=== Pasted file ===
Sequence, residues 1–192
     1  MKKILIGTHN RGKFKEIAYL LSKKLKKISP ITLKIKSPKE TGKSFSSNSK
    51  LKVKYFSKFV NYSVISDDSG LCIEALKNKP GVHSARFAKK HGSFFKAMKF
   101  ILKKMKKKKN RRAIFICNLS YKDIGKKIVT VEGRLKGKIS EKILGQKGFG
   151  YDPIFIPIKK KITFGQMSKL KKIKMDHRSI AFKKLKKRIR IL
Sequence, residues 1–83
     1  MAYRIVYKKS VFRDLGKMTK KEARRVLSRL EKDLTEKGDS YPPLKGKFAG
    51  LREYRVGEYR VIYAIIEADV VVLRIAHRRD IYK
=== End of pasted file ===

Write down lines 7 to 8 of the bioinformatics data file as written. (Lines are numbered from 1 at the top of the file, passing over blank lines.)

     1  MAYRIVYKKS VFRDLGKMTK KEARRVLSRL EKDLTEKGDS YPPLKGKFAG
    51  LREYRVGEYR VIYAIIEADV VVLRIAHRRD IYK